In this week’s portion, Moses demonstrates that he is a leader for the entire community. After the plague of locusts, Pharaoh gave in and says “Go and worship your G-d in the desert; who will be the ones to go?” Moses replied, “Our young and our old will go.” This angered Pharaoh who would only allow the men to go. Pharaoh knew that if everyone left they would not return, so he wanted to hold some of the people back. Moses, however, said that either all the Israelites would go or none of them would.
Why did Moses argue for the children to come? The medieval commentator Chizkuni states that “the way of children is to celebrate.” Rabbi Harold Kushner brings two alternative interpretations in The Etz Hayim Humash: that “no celebration is complete without children” and that “a child without parents is an orphan but a nation without children is an orphan people.” The last point is especially poignant, without the children there is no future.
The commentaries are great at emphasizing the children but I believe it is equally important that Moses said the elderly must go as well. Elders bring wisdom to the community through their past lived experiences. They also provide a sense of historical precedent as to why things are as they are. Moses knew that just as the children are necessary so too are the older individuals. As we must look towards the future, so must we also remember the past and what brought us to this present day.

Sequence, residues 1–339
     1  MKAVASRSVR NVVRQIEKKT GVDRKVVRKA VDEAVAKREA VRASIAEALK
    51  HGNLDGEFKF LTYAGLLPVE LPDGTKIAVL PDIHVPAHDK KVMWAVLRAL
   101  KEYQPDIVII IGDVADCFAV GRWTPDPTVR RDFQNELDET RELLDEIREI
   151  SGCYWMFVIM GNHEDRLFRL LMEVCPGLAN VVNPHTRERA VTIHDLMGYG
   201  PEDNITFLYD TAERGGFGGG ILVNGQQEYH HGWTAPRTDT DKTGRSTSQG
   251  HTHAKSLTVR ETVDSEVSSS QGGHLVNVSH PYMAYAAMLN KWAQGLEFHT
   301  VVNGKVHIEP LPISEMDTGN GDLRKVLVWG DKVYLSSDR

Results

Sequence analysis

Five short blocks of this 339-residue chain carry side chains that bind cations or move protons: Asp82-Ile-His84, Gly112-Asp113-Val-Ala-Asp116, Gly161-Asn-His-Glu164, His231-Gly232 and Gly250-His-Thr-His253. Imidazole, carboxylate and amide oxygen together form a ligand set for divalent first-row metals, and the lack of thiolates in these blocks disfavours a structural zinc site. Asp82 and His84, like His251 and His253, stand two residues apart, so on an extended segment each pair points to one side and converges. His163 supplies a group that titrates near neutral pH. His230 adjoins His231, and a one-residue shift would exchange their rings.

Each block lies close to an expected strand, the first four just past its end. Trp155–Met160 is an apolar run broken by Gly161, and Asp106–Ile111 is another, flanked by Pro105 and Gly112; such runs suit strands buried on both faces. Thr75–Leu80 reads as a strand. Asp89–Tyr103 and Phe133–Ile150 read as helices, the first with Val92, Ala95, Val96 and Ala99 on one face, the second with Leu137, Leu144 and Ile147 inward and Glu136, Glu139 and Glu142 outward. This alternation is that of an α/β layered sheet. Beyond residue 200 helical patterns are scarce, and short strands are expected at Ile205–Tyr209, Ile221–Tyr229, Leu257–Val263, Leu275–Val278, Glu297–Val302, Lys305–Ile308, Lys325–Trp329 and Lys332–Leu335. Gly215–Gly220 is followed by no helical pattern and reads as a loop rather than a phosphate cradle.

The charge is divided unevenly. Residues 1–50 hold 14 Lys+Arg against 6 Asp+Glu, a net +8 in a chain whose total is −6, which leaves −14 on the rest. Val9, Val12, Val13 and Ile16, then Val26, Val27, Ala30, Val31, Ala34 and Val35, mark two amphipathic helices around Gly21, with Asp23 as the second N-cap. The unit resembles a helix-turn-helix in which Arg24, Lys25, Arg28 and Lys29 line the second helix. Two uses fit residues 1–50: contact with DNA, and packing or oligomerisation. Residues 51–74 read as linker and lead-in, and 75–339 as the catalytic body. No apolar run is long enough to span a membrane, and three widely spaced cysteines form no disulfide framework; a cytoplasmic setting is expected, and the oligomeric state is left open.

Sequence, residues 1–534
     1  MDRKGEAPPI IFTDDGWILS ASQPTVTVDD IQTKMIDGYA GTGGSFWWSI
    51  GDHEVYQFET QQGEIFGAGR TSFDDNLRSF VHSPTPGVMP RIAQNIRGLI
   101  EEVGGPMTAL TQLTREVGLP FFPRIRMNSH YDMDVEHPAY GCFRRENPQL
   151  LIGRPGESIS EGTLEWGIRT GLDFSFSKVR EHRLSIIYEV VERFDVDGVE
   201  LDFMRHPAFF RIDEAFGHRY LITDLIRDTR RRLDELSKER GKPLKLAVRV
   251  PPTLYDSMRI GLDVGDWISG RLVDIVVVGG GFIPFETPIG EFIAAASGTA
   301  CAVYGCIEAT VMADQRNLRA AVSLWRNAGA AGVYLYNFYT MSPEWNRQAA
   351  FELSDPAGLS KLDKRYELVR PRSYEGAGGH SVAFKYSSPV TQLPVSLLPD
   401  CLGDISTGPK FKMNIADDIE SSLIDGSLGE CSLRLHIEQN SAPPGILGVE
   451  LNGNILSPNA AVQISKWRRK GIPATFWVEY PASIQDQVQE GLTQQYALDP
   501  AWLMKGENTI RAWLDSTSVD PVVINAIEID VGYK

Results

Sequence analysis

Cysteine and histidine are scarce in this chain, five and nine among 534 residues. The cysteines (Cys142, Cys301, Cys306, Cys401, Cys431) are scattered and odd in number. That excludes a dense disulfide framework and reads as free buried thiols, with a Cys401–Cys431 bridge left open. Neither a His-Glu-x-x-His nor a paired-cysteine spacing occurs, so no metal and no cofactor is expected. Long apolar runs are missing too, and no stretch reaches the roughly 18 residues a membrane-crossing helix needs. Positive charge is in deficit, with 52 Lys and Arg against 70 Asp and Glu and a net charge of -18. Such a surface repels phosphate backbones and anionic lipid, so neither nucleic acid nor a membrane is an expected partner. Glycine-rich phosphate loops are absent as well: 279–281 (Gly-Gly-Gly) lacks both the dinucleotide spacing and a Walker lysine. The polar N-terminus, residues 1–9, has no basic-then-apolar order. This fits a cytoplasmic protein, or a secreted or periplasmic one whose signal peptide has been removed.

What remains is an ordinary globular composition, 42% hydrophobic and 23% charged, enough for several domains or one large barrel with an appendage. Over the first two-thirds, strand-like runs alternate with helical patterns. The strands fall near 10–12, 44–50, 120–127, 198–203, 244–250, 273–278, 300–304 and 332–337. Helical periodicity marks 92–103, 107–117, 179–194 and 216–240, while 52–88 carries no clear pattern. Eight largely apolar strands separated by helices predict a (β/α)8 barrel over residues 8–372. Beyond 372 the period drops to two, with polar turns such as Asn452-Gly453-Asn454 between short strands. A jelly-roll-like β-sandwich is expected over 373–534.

Moses felt it was important that everyone be able to leave Egypt, regardless of their age. This has a lot to say for how the Jewish community works: that everyone is a valued member of our community. The way of a successful synagogue is to leave no one behind, showing each person that he or she has a valued, integral place in our community.
At Bet Shira Congregation, we have brought together people from multiple congregations, whether Temple Zion, Samuel Or Olam, Bet Breirah or others. As your rabbi, I value each and every one of you exactly as you are. Our identity is not determined by where we came from but by who we are. As we move forward towards a future yet unknown but with exciting possibilities, let us remember that we are stronger together. Like Moses who went forth with the young and the old, we too must go forth united in our goal to perpetuate Conservative Judaism in South Dade. When we are together, what is not possible to achieve?
When we feel torn in life, may we us remember the excitement we shared as children, curious, with wonder and open towards the possibilities of the unknown. If we do that, we will transcend the experience of מצרים, those narrow places which constrict us and harden our hearts. Many of us, myself included, struggle with uncertainty, yet as I learned from the Institute of Jewish Spirituality, nothing is permanent and everything is ever changing. Let us keep mind of this lesson today and every day.